6.  Scope of Coverage for Employees Working on or in Connection with a Covered Contract
The vaccine mandate applies to any full-time or part-time employee of a covered contractor working on or in connection with a covered contract. The “in connection with language” is broad and includes employees who are indirectly engaged in performing the specific work called for by the covered contract, such as human resources, billing, and legal review. Significantly, individuals working on a covered contract remotely from their residences are still subject to the vaccine mandate even if they never work at a covered contractor workplace or a federal government building. However, the masking and physical distancing portions of the Guidance do not apply to an individual’s residence.
 
7.  Scope of Coverage Applies to Employees Working at a Covered Worksite
The broad application of the mandate extends to any workplace locations controlled by a contractor or subcontractor where an employee of the covered contractor or subcontractor working on or in connection with a covered contract is likely to be present during the period of performance. If a covered contractor employee is likely to be present in any area of a building, site (indoors or outdoors), facility, or office campus controlled by a covered contractor or subcontractor, the covered contractor or subcontractor must apply these rules to all areas and persons working in those areas unless it can affirmatively determine that there will be no interaction between covered contractor employees and other persons at the site. This means that contractor employees working in a covered contractor workplace are likely subject to the vaccine mandate regardless of whether they are working on or in connection with a covered contract by virtue of the fact that they could come into contact with a covered contractor employee in a worksite’s common areas such as lobbies, security clearance areas, elevators, stairwells, meeting rooms, kitchens, dining areas, and parking garages.
 
8.  Determining if a Worker is Fully Vaccinated
Employees are “fully vaccinated” two weeks after their final dose from a one- or two-dose series of COVID-19 vaccines approved for regular and emergency use by the US Food and Drug Administration or the World Health Organization. An employee’s attestation of vaccination, proof of prior infection, or an antibody test are not sufficient proof of vaccination. Instead, covered contractors must verify employee vaccination status by collecting digital or hard copies of an immunization record from a healthcare provider or pharmacy, a COVID-19 Vaccination Record Card, medical records documenting the vaccination, immunization records from a public health or state immunization information system, or other official documentation detailing the type of vaccine administered, date(s) of administration, and the name of the healthcare professional or clinic site that administered the vaccine.
 
9.  Masking and Social Distancing Requirements in Addition to Vaccination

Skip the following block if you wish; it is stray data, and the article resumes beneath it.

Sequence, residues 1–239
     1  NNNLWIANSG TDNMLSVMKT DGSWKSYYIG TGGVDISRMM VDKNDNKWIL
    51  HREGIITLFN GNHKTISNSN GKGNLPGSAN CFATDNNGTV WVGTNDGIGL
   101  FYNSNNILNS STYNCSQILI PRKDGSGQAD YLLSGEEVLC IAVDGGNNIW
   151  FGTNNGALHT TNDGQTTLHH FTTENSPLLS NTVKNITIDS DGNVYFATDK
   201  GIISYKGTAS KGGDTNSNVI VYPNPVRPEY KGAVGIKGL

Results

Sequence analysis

Covered contractors must ensure that all individuals, including covered employees and visitors, comply with published CDC guidance for masking and social distancing at covered contractor workplaces. The guidance specifically requires that in areas of high or substantial community transmission (as defined by the CDC), all persons—including those fully vaccinated—must wear masks indoors. Fully vaccinated persons in low or moderate community transmission areas (as defined by the CDC) do not need to wear masks indoors. However, people in any work setting who are not fully vaccinated—“to the extent practicable”—should maintain six feet of distance from others “at all times, including in offices, conference rooms and all other communal and work spaces.” This requirement would apply to, for example, covered contractor employees who have an approved accommodation to the vaccination mandate.
 
10.  Continued Monitoring Required
The White House, the Task Force, and individual contracting agencies will hold industry briefings and updates in the coming weeks. Compliance with guidance and FAQs will become contractually required this month for many contractors. Potential consequences for non-compliance include contract termination, negative performance evaluations, suspension and debarment, and civil liability or criminal prosecution under the False Statements Act or False Claims Act. It remains unclear how the federal government will in fact enforce the mandate. Nevertheless, this is perhaps the most significant issue for the government contracts industry and its supply chain that will be discussed and debated in the coming weeks.
 

Actions to Take

Covered contractors should immediately take the following actions:
 
  • Designate a person(s) to coordinate COVID-19 workplace safety and monitor compliance with the mandate and implementing clauses.

  • Monitor the Task Force Guidance, FAQs (which are being updated), and solicitation and contract clauses in all contract instruments as these are rapidly developing.

  • Evaluate your worksites to determine which sites and employees are covered by the mandate.

  • Ensure that adequate policies and procedures are in place to mitigate risks associated with non-compliance with the contract clauses.

  • Establish a mechanism to document compliance with mandate.

  • Establish a mechanism to securely collect vaccination information and documentation from employees.

  • Establish a communications plan to inform employees of the mandatory vaccine requirement.

  • Establish policies and determine consequences for employees refusing vaccination.